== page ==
Can I keep my vacation (or second) home if I file for chapter 7 bankruptcy?
1 June 2012
It depends. There are many factors to address and a thorough evaluation by a quality bankruptcy attorney is necessary. However, one recent opinion issued by a Massachusetts bankruptcy judge is worth taking a look at.
In In re Lawrence the Debtors had two residences, one in Massachusetts and one in Maine. In re Lawrence, 2012 Bankr. LEXIS 1934 at *1, Case No. 11-42045, decided May 2, 2012). Days before their bankruptcy filing, the Debtors claimed that they changed their primary residence from Massachusetts to Maine, and they claimed an exemption in their equity in their Maine house. The bankruptcy trustee objected, and then the Debtors were permitted to change which exemption in the Maine property they wanted to apply. The trustee continued to object. Based on the decision the parties seemed to believe the matter would turn on which residence was the Debtors’ primary residence. It further appears that the parties believed facts that would show which residence was the Debtors’ primary residence would be at issue to decide the matter. The Debtors were prepared to argue that their former vacation home was now really their primary residence, and the trustee was prepared to argue that the Maine property remained just a vacation home.
However, citing many code provisions and bankruptcy decisions, Massachusetts bankruptcy Judge Hoffman found that which residence was “primary” was not the right legal question. Instead he found that the exemption in question would apply to any residence of the Debtors, whether it was their primary residence or not. He stated the Debtors “were entitled to exempt either [residence], but only one [residence].” In re Lawrence, 2012 Bankr. LEXIS 1934 at *7. Thus, the bankruptcy trustee’s objection was overruled and the Debtors were allowed to apply the exemption.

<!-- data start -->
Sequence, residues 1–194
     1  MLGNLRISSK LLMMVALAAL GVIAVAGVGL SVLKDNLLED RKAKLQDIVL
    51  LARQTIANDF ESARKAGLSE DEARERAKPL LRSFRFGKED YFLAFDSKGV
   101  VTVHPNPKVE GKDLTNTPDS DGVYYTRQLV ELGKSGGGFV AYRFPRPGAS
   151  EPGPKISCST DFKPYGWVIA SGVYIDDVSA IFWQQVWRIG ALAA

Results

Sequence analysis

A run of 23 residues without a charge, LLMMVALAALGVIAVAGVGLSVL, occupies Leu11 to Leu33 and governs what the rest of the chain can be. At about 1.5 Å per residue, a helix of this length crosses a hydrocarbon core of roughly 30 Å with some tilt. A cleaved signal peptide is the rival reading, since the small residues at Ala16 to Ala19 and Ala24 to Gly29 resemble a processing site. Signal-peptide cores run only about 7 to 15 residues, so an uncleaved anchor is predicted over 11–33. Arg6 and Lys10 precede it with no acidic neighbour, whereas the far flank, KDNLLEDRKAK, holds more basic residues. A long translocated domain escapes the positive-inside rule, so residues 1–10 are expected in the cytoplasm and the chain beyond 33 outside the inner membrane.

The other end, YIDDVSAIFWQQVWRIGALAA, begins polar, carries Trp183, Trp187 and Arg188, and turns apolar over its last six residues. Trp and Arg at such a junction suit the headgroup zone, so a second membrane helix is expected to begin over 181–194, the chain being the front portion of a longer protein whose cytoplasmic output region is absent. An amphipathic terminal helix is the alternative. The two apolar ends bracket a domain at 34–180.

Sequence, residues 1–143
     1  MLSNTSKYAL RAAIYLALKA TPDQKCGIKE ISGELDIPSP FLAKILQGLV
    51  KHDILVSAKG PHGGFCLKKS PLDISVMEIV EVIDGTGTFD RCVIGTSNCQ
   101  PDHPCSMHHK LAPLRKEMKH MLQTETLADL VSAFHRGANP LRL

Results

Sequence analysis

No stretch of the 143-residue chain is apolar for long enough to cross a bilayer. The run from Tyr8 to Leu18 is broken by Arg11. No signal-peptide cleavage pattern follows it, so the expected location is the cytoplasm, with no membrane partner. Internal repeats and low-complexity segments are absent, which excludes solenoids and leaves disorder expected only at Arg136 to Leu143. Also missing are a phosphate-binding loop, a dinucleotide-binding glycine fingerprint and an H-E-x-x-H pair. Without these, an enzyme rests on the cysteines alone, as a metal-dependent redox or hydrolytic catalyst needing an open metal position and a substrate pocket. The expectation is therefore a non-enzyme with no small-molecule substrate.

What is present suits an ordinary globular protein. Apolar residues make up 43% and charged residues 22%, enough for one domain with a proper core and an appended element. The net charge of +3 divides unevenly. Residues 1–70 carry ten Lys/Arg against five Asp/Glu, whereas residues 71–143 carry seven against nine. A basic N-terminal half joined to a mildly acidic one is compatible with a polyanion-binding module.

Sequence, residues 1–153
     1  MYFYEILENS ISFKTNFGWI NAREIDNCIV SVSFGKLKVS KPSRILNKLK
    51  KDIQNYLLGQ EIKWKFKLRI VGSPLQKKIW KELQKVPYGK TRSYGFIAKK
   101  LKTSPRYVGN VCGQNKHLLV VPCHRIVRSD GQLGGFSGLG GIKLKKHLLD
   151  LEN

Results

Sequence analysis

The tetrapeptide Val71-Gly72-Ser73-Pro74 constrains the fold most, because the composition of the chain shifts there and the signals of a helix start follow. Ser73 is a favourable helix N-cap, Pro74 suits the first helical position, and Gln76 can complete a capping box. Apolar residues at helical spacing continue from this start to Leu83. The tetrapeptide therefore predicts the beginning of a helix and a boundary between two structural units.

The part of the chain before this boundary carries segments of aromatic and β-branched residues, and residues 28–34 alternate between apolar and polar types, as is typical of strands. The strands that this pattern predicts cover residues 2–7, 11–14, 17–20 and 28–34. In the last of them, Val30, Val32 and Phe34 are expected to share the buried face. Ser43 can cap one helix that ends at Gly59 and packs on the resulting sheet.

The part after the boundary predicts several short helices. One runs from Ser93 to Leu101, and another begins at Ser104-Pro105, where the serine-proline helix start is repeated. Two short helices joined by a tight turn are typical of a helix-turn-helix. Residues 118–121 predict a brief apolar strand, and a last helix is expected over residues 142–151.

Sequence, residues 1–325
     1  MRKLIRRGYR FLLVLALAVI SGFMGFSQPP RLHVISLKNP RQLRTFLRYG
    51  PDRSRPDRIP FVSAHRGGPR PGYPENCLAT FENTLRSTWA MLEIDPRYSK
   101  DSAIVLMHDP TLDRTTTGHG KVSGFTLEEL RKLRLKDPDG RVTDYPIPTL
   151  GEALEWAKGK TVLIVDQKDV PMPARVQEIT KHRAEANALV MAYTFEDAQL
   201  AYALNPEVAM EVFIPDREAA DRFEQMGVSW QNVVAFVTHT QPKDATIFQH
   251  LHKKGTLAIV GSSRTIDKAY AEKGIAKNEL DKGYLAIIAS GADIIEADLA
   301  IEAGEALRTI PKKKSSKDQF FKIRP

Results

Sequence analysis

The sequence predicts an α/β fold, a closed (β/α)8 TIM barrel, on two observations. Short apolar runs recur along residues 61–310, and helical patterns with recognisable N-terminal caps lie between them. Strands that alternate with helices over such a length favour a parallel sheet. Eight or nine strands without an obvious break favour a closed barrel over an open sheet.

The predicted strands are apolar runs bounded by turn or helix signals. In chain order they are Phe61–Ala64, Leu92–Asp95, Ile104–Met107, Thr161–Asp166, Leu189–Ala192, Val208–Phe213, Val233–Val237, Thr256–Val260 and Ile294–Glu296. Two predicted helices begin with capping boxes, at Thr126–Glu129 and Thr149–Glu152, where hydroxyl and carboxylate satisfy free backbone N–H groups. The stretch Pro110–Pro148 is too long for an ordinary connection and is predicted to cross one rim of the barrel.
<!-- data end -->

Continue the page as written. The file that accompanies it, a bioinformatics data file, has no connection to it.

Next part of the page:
Although this decision appears to be a happy ending for the Debtors, please do not make assumptions that you can keep your second home if you file bankruptcy based on this (one) case. For example, the exemption the Debtors ultimately used in In re Lawrence was not the only one available, which means you may want to use a different one for your situation. (In fact, the Debtors changed their exemption while the case was open.) Also, the exemption used was limited in amount ($21,625 in equity). And, we do not know just what the Debtors gave up with respect to their Massachusetts property (for the benefit of their Maine property). Finally, we do not know exactly how great the practical reality was for the Debtors. It could be that filing bankruptcy (or some other prior decision) was the wrong move and they were scrambling to make the best of a bad decision.
In the event that you are having financial problems and want to know what your creditors can and cannot take from you, or you are contemplating a bankruptcy filing and want to learn more about the possible ramifications, I invite you to give us a call.